Sun | Nov 18, 2018

We care! - Pastors going all out for cops ... Stigma no longer attached to unit

Published:Friday | April 20, 2018 | 12:00 AMKeisha Hill/Senior Gleaner Writer
Pastor Dr Gary Buddhoo-Fletcher, chaplain of the Jamaica Constabulary Force Chaplaincy Branch.
Reverend Penelope Morgan-Owens, assistant chaplain for Area 5.
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Police personnel are usually held to high standards, however, often, we forget that they are humans, too. They are expected to maintain professionalism while interacting with the general public. However, many of us do not know what happens behind the scenes and how their high-stress jobs affect their daily lives.

Often, we think of them as machines that dispense justice without empathy and with complete apathy towards those they serve and protect. However, police personnel undergo extreme levels of stress, leading to a host of physical and mental problems, which most persons do not realise.

Pastor Dr Gary Buddoo-Fletcher, chaplain of the Jamaica Constabulary Force (JCF), says that members are often exposed to traumatic events, and as such, peer counsellors are strategically placed in various geographic divisions of the force and are supported by volunteers.

"We believe in the spiritual, psychological, physical, and emotional well-being of our officers. There are officers who need intervention who will come to us for assistance and others that are referred to us," Buddoo- Fletcher said.

Every officer, he said, who has been exposed to critical incidents has to be counselled before going back on duty. "In the case of these occurrences, there is a stress debriefing session. If any police officer discharges his or her firearm, whether personal or that of the JCF, even if it's an accidental discharge or a shooting, they are immediately taken off front-line duty," Buddhoo-Fletcher said.

The JCF, he said, assists its member to cope with the after effects of the events surrounding the discharge of their firearm, and a counselling session is organised. Based on the outcome of the sessions, the counsellor he said, would then determine if it is necessary for the officer to participate in follow-up counselling.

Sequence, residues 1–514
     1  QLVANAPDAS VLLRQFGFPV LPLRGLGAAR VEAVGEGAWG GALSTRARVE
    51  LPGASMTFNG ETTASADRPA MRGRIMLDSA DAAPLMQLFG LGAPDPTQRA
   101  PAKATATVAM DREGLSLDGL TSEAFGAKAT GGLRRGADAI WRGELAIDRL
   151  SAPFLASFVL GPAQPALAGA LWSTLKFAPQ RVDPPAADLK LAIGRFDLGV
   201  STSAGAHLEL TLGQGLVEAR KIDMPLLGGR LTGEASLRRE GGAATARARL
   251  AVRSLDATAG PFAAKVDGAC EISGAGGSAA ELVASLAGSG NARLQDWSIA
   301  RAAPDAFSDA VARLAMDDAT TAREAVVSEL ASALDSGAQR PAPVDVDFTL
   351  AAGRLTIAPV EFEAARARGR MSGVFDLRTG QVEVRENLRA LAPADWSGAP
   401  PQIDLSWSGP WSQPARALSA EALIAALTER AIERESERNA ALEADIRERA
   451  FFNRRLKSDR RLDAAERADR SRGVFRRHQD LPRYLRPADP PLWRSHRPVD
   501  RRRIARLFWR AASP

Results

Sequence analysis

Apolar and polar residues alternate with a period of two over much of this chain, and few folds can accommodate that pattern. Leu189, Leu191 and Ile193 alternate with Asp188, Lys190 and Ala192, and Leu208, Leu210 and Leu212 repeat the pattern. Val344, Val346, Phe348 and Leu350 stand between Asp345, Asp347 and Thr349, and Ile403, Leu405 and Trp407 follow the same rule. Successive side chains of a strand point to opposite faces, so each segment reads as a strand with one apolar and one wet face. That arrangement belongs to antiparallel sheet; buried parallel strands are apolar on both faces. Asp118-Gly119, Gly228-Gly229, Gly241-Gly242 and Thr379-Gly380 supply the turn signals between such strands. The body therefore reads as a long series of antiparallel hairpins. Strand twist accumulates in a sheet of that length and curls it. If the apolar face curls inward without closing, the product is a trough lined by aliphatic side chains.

WELL-BEING OF MEMBERS A PRIORITY

 

The role of the Chaplaincy Branch, he said, is essentially responsible for the well-being and the optimum functioning of the members of the force. "In these critical incidents, even if it is a case that they were not directly involved, they are also required to participate in counselling," he said.

According to Assistant Superin-tendent of Police Dahlia Garrick, who is now the acting

head of the Corporate Communication Unit, policing is a high-stress job and constant support is given on a daily basis.

"There is an inspirational devotional thought that is sent to every member of the police force each morning. We also believe in a proactive approach and not just assisting the officers after the fact. Stress management is also important to us as an individual and as law enforcement officers," Garrick said.

There are seven assistant chaplains who operate at the area level to provide assistance to members of the JCF. They are assisted by pastors and other volunteers who act as resource persons in order to add value to the programmes offered by the Chaplaincy Branch. Individuals who are selected for police chaplaincy duties must be an ordained minister with at least five years' experience in ministry and are endorsed by their respective church communities.

Reverend Penelope Morgan-Owens, assistant chaplain for Area 5 of the JCF, which encompasses St Catherine North, St Catherine South, St Andrew North, and St Thomas, says that with the perception that police officers are not human beings, she wanted to make a difference in the lives of police personnel.

"We see the humanness in their lives. From their own individual lives to that of their children and family members, we offer support. It is a privilege to see the bonding that takes place between the officers and their families and even those that do not know each other. There is a high level of camaraderie," said Morgan-Owens, who is a former guidance counsellor with more than 23 years' experience in the field.

The Reverend Dr Mortimer Mullings, who has responsibility for Area 4, which includes the Corporate Area, except St Andrew North, said that they approach their job with the perspective that the body goes through physiological and physiological stress and that the mind is not immune to intrusive thoughts.

 

Mitigate issues

 

"We try to mitigate any issues as early as possible to minimise and eradicate any negative responses," Mullings said.

At present, the JCF Chaplaincy Services Branch comprises the chief chaplain, who is supported by the seven assistant chaplains. Then, there are the 500 volunteer chaplains and 33 peer counsellors.

When persons are selected to join the JCF, recruits are exposed to the chaplain, who also sits on the selection panel. Successful recruits have contact with the chaplain and his team throughout as he interacts and offers support to the soon-to-be police officers.

Buddhoo-Fletcher says that they have purposefully integrated the chaplaincy services into the police force so that they can have a proactive approach.

"In former years, if you come to see the chaplain, it would be a stigma. But now, the chaplain gets involved in policing activities. You come to see the chaplain for an array of things, and in addition to that, the chaplain comes to see you," Buddhoo-Fletcher said.

keisha.hill@gleanerjm.com